When I first got the car, it suffered from a spongy brake pedal. The standard fixes didn't seem to work, and the independent service place tried a bunch of (expensive) things. It ended up being a combination of the brake pedal height adjustment and rear rotors that needed replacing. The rotors seem to wear fairly fast on mine, and for some reason, the rear brakes wear out before the fronts.
The interior electrics have been a bit unreliable, with 2 power window switches and 2 seat adjustment switches breaking.
My rear anti-sway bar brackets ripped out from the body and had to be welded back in.
The fuel pump also died this year, which is a bit pricier than most.
With all the above, you would think I'd be ready to ditch this baby, but you'd be wrong! The engine growls like no other (my family always knows when I'm coming or going). The styling is very unique. There just isn't anything like it.
I recently considered replacing this with a new 350Z. The Z is faster, handles better and stops quicker. It just didn't have that raw emotion of driving a semi-race car. I'm enhancing my 911 instead.
One note to anyone considering a 911, don't skimp on tires. I had all season Michelin radials on the car and thought it handled pretty well. I switched over to Michelin "summer" tires, and the change was unbelievable.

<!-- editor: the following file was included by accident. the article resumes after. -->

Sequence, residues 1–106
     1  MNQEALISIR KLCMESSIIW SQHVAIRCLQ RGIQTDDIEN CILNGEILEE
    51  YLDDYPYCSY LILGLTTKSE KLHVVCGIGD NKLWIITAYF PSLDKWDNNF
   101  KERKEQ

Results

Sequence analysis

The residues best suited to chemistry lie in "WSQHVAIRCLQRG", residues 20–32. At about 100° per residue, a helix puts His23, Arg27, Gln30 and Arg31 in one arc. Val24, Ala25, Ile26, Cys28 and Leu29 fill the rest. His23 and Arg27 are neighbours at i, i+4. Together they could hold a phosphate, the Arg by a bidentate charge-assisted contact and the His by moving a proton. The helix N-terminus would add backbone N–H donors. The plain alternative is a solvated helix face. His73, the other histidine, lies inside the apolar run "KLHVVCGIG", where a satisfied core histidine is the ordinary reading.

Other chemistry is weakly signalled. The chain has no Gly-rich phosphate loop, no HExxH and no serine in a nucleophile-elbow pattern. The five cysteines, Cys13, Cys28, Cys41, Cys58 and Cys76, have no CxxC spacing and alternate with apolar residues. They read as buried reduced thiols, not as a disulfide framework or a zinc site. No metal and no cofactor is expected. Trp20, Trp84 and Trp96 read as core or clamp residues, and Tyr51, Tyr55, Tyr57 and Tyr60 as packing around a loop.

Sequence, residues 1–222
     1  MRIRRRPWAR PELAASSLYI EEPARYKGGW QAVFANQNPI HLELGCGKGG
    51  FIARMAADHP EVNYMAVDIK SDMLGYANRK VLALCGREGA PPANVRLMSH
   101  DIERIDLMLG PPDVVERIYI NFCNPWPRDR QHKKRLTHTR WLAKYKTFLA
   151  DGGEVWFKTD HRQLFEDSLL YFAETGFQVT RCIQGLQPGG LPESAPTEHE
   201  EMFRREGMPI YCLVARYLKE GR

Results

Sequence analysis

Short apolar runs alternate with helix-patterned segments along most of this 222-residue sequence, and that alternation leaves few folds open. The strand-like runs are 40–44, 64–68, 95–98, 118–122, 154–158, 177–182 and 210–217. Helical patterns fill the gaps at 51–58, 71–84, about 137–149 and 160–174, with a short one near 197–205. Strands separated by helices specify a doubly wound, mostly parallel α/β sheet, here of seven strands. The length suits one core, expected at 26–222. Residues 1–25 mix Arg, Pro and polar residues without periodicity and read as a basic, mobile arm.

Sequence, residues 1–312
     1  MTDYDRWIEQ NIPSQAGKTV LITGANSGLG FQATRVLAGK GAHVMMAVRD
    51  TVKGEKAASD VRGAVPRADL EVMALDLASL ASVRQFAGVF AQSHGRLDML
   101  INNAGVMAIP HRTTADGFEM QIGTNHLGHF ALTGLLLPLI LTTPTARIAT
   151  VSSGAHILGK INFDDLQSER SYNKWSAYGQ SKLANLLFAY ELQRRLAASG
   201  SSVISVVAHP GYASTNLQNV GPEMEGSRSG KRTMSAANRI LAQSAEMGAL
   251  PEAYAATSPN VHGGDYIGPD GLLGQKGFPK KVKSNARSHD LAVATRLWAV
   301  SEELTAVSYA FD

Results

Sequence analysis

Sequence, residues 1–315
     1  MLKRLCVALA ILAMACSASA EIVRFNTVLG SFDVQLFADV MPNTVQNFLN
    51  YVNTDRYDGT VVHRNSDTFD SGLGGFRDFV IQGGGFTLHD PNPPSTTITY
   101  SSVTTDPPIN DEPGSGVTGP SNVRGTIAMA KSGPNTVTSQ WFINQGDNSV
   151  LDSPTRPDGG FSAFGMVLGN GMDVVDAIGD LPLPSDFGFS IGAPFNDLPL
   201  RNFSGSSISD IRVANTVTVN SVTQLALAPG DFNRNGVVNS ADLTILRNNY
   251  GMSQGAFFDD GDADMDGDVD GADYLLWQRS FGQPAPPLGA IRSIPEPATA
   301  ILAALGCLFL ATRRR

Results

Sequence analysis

As others have said, maintenance is key. Much of the car is actually pretty easy to work on yourself, in fact I ended up doing much of the brake work myself. It still costs more than most cars, but that's the price you pay for performance.
And it does perform. Below 3500 RPM, you can putt around town comfortably. Wind it up over that, jamb on the brakes and dive into a corner, and you're an instant racer! After 6 years I'm still not tired of it.
Every article says to get the most recent Porsche you can afford. Newer models will get you air conditioning that actually cools you down, ABS brakes and power steering. However, I'm not sure it will get you any more fun or reliability.